Sandy was a sweet placid person and Mel was easy going. But within two years Sandy left Mel and went to live interstate with another man .
After the baby's death they both became very quiet. They told me they still loved each other, but they just didn't talk much anymore. In their silence they even blamed each other for the baby's death, and anger and resentment festered. This consolidated the breakdown in communication.
One day, Sandy met Laurence while she was working as a waitress at a nearby motel. Laurence was on his way home to Melbourne. His wife had died and he was sad, lonely and not well. Without warning or reason, Sandy left Mel and her little boy and went off to Melbourne to care for Laurence for a while.
In her worst dreams, Sandy's mother never imagined that Sandy would do what she did. There was an uproar from family and friends, and intense protest from Mel. However when Sandy came home, neither of them recognised and admitted to the real problem - unresolved grief and deep seated, non verbalised pain.
A deepening silence continued between them.
Sandy finally went back to Melbourne and didn't return. She left her husband and her beloved child, her home, and her mother and father whom she loved dearly. She left for a man who offered her what she could not find at home ... support to help resolve the grief.
It is not unusual to go elsewhere to try to find what cannot be found at home Couples who lose a small child or baby are at risk of a 50 - 80% chance of divorce within the first year after the death. Although it is not clear what the ratio is, the loss of older children, adolescents and young adults, can have a devastating effect upon the relationship between the parents.
It seems that in these circumstances, spouses hurt so badly that they are unable to support each other as they could and would in a less traumatic crisis. Failure to receive support leads to anger and resentment that eventually leads to a complete breakdown in communication.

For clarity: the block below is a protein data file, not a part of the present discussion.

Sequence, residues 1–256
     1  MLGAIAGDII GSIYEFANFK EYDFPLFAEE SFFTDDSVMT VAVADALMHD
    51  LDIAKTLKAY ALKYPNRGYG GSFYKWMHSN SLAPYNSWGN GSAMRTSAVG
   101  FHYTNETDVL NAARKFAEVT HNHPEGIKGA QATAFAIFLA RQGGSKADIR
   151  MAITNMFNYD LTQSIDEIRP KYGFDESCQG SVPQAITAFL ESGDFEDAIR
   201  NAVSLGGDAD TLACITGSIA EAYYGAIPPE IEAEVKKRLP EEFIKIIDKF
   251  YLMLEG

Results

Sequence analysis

No account can be given of the effects of unresolved grief on the population of a country which has been involved in a war.
A 14 year research study has shown that there is a relationship between spontaneous regression and the occurrence of a damaging emotional experience in cancer patients prior to the regression.
Loss and grief and physical and emotional illnesses
Many believe that the failure to do effective grief resolution work, has a large bearing on the psychophysiological illnesses, and the aggressive and violent acts we witness in our society.
After Mavis had shared her sorrow with Kathy and me in their hospital room, I loaned her a copy of Good Grief, a small book on the grief process by Granger E. Westberg. I encouraged her to read it and told her I would be back a day later to see how she was going. When I returned to her room she was gone. She had booked herself out of the hospital, telling the medical staff that she now knew what she had to do for herself. She left a message thanking me for listening and praying for her and Kathy, and for my book which she said she had taken to loan to some others she knew needed help beyond the back of Bourke. I haven't seen Mavis or my book since then, but I know she was the kind of person who could do a lot of good for others once she was healed of her grief..
Grief resolution enhances the healing process. Like the common cold, which can lead to serious disorders if left unattended, grief which is common to all, can lead to very serious disorders if not attended to in the appropriate way.